DHS Warning: Small Planes Vulnerable to Cyberattack Through CAN Bus Component
A vulnerability in a component of small planes could alter the aircrafts’ telemetry if physically accessed by an attacker, warns the US Department of Homeland Security’s cybersecurity unit (CISA).
The vulnerability was found in the Controller Area Network (CAN) bus of small planes, which allows various devices and components inside the aircraft (or any other kind of vehicle) to communicate with each other.
Physical access to the aircraft is necessary to exploit the vulnerability. With the requisite access, a potential attacker can attach a device that injects false data into the avionics CAN bus, which could result to incorrect readings of the aircraft’s avionics equipment.
The aircraft’s telemetry readings, altitude, compass and attitude data, angle of attack, and airspeeds could be manipulated in this manner. The pilot would unknowingly be relying on false measurements and could lose control of the aircraft.
CISA has released this information in a security advisory, which encourages owners of small planes to restrict access to their aircrafts, and manufacturers to review their CAN bus implementation. The report was based on the analysis done by Rapid7 researchers who discovered the vulnerability.
The researchers have also compared the security of airplanes to that of more accessible vehicles like automobiles, since CAN bus implementation is a standard in vehicular networking and also found in cars.
They posited that because airplanes have typically stronger physical security than automobiles, more research had been put into securing the CAN bus in the latter than in the former. In fact, the use of CAN bus in automobiles has been explored in the past, raising security issues that could drastically affect car performance. Implementing similar security measures, as done on the CAN bus of automobiles, can then help defend against possible exploits of the vulnerability.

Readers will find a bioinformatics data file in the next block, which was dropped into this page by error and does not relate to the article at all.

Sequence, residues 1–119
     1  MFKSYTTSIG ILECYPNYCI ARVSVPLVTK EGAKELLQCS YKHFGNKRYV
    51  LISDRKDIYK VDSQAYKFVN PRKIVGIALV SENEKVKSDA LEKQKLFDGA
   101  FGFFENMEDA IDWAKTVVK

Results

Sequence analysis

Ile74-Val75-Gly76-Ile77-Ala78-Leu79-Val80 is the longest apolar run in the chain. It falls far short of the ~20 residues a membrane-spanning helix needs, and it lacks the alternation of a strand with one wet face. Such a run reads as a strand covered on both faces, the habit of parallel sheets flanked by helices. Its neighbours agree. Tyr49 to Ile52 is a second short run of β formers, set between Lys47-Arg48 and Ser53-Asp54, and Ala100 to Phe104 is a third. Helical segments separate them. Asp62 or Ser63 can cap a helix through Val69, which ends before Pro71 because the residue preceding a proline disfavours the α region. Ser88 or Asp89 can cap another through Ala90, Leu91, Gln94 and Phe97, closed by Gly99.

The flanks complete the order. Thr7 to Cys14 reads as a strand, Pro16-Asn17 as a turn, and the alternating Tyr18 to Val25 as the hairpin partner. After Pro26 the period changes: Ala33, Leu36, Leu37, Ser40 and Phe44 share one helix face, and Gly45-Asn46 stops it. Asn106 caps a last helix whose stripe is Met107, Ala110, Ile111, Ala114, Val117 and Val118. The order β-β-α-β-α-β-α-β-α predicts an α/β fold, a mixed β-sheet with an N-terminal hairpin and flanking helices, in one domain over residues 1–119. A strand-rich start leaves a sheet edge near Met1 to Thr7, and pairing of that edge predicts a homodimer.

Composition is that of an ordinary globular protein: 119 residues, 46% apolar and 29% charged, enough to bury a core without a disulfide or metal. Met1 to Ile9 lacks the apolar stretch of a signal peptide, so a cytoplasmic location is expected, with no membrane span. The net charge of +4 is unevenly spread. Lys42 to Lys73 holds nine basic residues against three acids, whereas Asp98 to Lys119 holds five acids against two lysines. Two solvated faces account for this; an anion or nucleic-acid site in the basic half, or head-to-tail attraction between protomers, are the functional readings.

Security blind spots
This case illustrates how strict security in one area of an industry or machine can inadvertently lead to blind spots in other areas. Vulnerabilities exist in these blind spots, as demonstrated by this CAN bus vulnerability and previously reported cases, like the security issues discovered in the Automatic Identification System (AIS) used for enhancing the safety of vessel traffic.
Vulnerabilities affect different industries, both in standard protocols and critical systems that they have implemented in their processes. Here are a few best practices to defend against vulnerabilities and reduce security blind spots:
- Be aware of recent research findings and discoveries in the cyberthreat landscape. Knowing the recent trends in threats and vulnerability discoveries can help prepare industries against attacks.
- Implement network segmentation. For this kind of vulnerability, creating CAN sub-buses can prevent the free circulation of can frames to all the devices and components in the vehicle.
- Assess all areas of security regularly. As demonstrated in this case, relying on just one aspect of security could inadvertently lead to neglect in another. Assessing different security areas regularly can reduce possible blind spots in an enterprise’s defenses.
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